Origins of Tamils?[Where are Tamil people from?] PART :57

Compiled by: Kandiah Thillaivinayagalingam] 
A large number of excavated terracotta figurines from Indus valley civilization are those of a semi-nude figures which is identified with some female energy or Shakti or Mother Goddess,who is the source of all creation.She is wearing numerous ornaments and a fan-shaped head dress.Also One depicts a nude female and her legs apart and a plant issuing from her womb.Some of the figures are smoke stained,and it is possible that oil or perhaps,incense was burnt before them in order that the goddess might hearken favourably to petitions.Hence,It is concluded from these smoke stained female figures that the people burnt incense before the deity & worshipped her as most of the tamils still do.

The people of Indus Valley disposed of their dead either by burial or by cremation.They buried their dead together with household pottery, ornaments and other articles of daily use.Even when they cremated the dead,they preserved the ashes of the bodies in clay urns.Both these practices show that people believed in life after death.

On the one hand,The basic unit of Aryan society was the extended and patriarchal family and there the birth of a son was welcome because he could later tend the herds,bring honor in battle,offer sacrifices to the gods,and inherit property and pass on the family name.further ritual suicide of widows was expected at a husband's death,and this might have been the beginning of the practice known as sati in later centuries, when the widow actually burnt herself on her husband's funeral pyre.On the other hand the Harappan society appears to have been matriarchal in nature.This view is based on the popularity of the mother goddess as indicated by the finding of a large number of terracotta female figurines Harappan script
has not been deciphered till now,we have to satisfy ourselves with this limited information on this issue. Further,Sivalinkas which are found in the Indus Valley Civilization is later on degraded in the Vedas.According to archeologists,Mother Goddesses of the Indus civilization were “quite independent of any consort,while only at the present time (are they) being gradually provided with husbands from the orthodox Hindu pantheon.Further examples of a fertility cult are apparent in the abundance of lingas and yonis unearthed & also found lingas are often set in a yoni base,showing yonis are as prevalent as lingas.This predominance of the female elements in the religion of the Indus valley suggests that worship was at first directed towards the female,maternal aspect of Deity.Where the supreme Deity is female,women are respected in daily life.And,as Marshall acknowledges,in the religion of the Indus valley,The female elements appear to be co-equal to,if not predominant over the male.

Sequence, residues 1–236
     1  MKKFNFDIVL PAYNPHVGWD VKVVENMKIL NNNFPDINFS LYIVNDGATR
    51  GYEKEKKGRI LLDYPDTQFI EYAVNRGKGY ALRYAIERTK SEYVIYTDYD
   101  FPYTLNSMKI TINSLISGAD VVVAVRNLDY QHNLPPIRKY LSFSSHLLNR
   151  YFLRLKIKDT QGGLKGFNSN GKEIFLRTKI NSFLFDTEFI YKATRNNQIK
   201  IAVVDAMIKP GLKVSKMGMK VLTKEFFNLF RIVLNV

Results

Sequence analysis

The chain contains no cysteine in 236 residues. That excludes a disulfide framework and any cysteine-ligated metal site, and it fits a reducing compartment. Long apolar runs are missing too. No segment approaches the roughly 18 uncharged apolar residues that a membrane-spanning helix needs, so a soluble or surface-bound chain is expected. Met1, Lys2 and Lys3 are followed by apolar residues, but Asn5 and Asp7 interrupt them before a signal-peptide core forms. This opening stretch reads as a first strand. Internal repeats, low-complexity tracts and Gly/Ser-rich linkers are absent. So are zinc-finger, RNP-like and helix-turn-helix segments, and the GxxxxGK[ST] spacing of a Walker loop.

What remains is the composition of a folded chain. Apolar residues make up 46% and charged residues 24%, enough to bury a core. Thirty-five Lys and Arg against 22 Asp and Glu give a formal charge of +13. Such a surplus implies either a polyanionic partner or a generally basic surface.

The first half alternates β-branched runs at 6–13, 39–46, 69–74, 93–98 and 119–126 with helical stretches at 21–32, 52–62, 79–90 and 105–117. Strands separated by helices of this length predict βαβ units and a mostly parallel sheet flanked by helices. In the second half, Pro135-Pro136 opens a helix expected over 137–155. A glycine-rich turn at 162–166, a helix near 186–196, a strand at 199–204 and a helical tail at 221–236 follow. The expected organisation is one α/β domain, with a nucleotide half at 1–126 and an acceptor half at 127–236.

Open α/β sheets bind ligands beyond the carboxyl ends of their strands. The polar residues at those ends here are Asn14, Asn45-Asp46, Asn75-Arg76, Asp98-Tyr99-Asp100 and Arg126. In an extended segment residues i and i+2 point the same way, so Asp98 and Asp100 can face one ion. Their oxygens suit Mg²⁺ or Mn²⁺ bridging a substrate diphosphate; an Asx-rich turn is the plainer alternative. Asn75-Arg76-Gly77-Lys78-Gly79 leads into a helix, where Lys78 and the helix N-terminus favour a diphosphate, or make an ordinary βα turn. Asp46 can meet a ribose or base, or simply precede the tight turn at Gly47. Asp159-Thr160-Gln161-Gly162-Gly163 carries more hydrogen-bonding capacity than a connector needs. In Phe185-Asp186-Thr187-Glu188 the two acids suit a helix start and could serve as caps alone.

In Dravidian culture Women were free to choose their mates one of the
examples is that Surpanakha who offered her love to aryan (Mahapurush) Rama who directed her to his younger brother Lakshmana.There Aryan and Dravidian culture clashed and Lakshmana chopped her nose considering she being shameless.Dravidians were sociable and less aggressive people than others and women enjoyed much greater freedom than Aryan women,for further example,in revenge of sisters assault,Ravana,King of Lanka took Sita away from Rama to his kingdom but did not dare to force her as all scripts say Sita did not have adultery during the captive.

It was once thought that the Aryans were responsible for bringing civilization to India,and that Dravidian contributions to Hinduism were negligible,but the utter fallacy of that belief has been revealed by Sir John Marshall’s excavations at Mohenjo-daro and Harappa.He has conclusively proven that most of the features of Hinduism date from pre-Aryan sources:the cult of the Mother Goddess,the cult of Shiva,reverence towards animals,including bulls,monkeys,and elephants,worship of tree spirits,worship of phallic,yoni,and aniconic stones [without human attributes] and yoga.The Aryans actually did not institute Hinduism;they merely modified an ancient form of belief.



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